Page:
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Assessing the impact of COVID-19 on laws and regulations in the London market

Assessing the impact of COVID-19 on laws and regulations in the London market | Insurance Business

Assessing the impact of COVID-19 on laws and regulations in the London market

Keeping up to date with the latest legal developments impacting the insurance sector is a time-consuming and somewhat daunting task as more court rulings and regulations continually disrupt the status quo of the sector. From assessing the potential litigation faced by insurance brokers following COVID-19 to evaluating whether a Pandemic Re solution might be possible, the question now is how the pandemic may impact the London insurance market through new post-crisis laws and regulations.

Read more: The industry shaking legal battle on the insurance horizon

Assessing this impact with Insurance Business is Gavin Coull (pictured), a member of London FOIL’s executive committee and partner at Birketts EC3 Legal. Coull touched on the possibility of certain cases being pursued to the Supreme Court and this impacting the London market, and noted that there may potentially be some settlement cases on the reinsurance side.

“In terms of changes to regulation and the Black Letter Law, however, I suspect there is not going to be a huge amount of difference,” he said. “Other than the potential bringing in of new vehicles such Pandemic Re, which may have some regulatory impact depending on how that is funded and operated. And the FCA may take a different view on this, but we will have to wait and see what’s coming out of those test cases.”

Coull believes that the predominant impact will be a lot more hardening of terms and conditions in both direct and reinsurance categories. Ultimately, even in cases where claims are covered or not covered, some policy wordings have an inbuilt grey area and that is not good for insurers and, similarly, that is not good for buyers of insurance. This will no doubt be seen by some as a positive and by others as a negative, Coull said, and he highlighted the role that brokers will have to play in communicating any changes.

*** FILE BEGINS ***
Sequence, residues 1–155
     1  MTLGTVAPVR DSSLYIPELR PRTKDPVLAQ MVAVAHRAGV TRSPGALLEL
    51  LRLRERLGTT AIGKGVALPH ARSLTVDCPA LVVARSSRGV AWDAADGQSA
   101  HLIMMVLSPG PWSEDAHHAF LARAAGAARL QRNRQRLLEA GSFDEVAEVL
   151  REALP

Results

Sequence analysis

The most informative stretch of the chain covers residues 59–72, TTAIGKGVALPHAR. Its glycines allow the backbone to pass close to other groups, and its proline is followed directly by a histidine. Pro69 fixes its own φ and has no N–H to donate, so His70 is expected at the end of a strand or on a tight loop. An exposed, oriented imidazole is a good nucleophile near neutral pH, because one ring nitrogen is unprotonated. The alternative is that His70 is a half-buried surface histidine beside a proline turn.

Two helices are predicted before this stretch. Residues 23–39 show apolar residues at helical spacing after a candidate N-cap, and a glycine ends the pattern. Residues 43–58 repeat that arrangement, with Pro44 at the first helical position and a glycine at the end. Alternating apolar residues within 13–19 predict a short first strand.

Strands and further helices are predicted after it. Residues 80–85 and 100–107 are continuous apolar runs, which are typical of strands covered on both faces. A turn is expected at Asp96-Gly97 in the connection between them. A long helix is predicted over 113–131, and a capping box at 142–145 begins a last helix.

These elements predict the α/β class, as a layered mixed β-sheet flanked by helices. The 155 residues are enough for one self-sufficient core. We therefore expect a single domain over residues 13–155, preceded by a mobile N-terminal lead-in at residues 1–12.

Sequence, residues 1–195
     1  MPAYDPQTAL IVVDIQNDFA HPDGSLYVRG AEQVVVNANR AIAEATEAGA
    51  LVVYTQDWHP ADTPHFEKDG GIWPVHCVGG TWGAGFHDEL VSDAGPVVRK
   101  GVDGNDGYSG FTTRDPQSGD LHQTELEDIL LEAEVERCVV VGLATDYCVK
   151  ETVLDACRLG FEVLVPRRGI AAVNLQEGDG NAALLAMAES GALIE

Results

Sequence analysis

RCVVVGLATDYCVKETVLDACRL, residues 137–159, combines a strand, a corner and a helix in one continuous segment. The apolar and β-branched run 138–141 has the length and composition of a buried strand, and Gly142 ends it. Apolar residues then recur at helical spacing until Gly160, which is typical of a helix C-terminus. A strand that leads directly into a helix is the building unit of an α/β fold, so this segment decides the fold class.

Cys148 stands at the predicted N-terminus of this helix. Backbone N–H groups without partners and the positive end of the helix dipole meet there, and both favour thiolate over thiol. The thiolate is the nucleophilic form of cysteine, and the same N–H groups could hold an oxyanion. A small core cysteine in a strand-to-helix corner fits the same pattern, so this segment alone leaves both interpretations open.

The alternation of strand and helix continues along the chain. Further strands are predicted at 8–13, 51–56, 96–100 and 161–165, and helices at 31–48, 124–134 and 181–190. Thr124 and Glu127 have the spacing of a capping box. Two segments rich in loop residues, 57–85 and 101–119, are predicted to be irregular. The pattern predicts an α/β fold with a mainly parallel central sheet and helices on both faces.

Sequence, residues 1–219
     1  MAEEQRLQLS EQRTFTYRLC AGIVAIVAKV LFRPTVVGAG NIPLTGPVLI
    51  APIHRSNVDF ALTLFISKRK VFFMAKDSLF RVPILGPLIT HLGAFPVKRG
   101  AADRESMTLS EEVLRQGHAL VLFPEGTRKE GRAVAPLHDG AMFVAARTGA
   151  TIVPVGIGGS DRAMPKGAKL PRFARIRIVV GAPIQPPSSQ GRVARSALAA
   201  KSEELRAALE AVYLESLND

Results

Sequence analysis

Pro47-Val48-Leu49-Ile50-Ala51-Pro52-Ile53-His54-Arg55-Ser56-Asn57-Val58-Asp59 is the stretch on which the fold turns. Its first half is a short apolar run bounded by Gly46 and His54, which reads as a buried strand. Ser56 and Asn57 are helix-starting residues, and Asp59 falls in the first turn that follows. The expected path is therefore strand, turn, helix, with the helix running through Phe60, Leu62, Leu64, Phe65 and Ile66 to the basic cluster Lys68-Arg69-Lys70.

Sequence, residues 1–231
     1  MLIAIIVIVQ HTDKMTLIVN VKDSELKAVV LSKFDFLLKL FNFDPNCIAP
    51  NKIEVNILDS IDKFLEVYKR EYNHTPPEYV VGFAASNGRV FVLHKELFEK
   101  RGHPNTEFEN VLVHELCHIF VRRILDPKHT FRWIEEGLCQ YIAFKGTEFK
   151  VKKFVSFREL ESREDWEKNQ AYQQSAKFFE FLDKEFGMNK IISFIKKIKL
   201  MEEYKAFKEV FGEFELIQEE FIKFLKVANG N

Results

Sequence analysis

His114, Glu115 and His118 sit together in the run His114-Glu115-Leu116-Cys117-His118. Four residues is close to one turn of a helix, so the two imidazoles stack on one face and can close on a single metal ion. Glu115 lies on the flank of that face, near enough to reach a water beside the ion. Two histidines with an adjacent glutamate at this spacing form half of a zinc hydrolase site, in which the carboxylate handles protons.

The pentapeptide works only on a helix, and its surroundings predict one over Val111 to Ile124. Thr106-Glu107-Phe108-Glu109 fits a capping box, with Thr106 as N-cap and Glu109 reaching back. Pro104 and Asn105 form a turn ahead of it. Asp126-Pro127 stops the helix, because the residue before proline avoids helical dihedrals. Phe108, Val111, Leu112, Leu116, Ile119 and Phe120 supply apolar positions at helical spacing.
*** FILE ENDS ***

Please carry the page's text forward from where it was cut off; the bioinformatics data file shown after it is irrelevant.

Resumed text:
“Brokers will see that they are caught in the middle,” he said. “They have a big role in, firstly, saying to their insurers what their clients actually want cover for and communicating that specificity but also in reporting clearly to their clients what insurance is actually on offer, and available to them. And that will include letting them know that times have changed since 2018/2019. The market is its own creature and is ultimately a commercial enterprise.”

Coull outlined how the advisory role of the broker has been highlighted by the pandemic, and the responsibility of brokers to educate their clients on what they can and have purchased is clear. However, the crisis has also highlighted the fact that most buyers, even many commercial buyers in the SME sector are not familiar with the market of insurance products out there. If, as a buyer of insurance, your interaction is simply going to your broker with the details of your company then this crisis should be a real insight into the need for better financial services education for both sides of the buy-sell market.

Noting the profound resilience of the insurance industry, Coull said that, stripped of the headline numbers, it seems that the market is strong and resilient. While this will inevitably be a bad loss year, the market has seen bad loss years before and is more than capable of bouncing back, with capital raising continuing as (re) insurers seek to leverage the opportunities created by the hardening market.

While some insurance companies will need to rebuild consumer confidence following the pandemic, he said, the flip side of this has been the demonstration of the importance of insurance and reinsurance to the economy. This is a helpful realisation for the many who previously viewed insurance as just a “sleep easy” purchase and is a sign of this being a positive moment for the sector.

Assessing the legacy of the pandemic is a difficult if not impossible task but Coull stated that two key takeaways from this crisis will be the recognition that insurance and reinsurance are deeply resilient and that there is likely to be a fundamental change in the way that the insurance markets operate.

“Alongside the significant negatives [of this crisis] for individuals as well as the markets, with this, as with all things, you have to embrace the changes and opportunities that come with this and that’s what the market has always done.”

The pandemic is going to push forward a great deal of modernisation, Coull said, highlighting how Lloyd’s of London has charged ahead with electronic placement development, and there is huge scope for further growth within remote placing and claims handling. This is, however, unlikely to completely take away the core of the London market which is face-to-face relationships as the capabilities of such platforms are founded on the degree of trust that is the product long-term interpersonal relationships.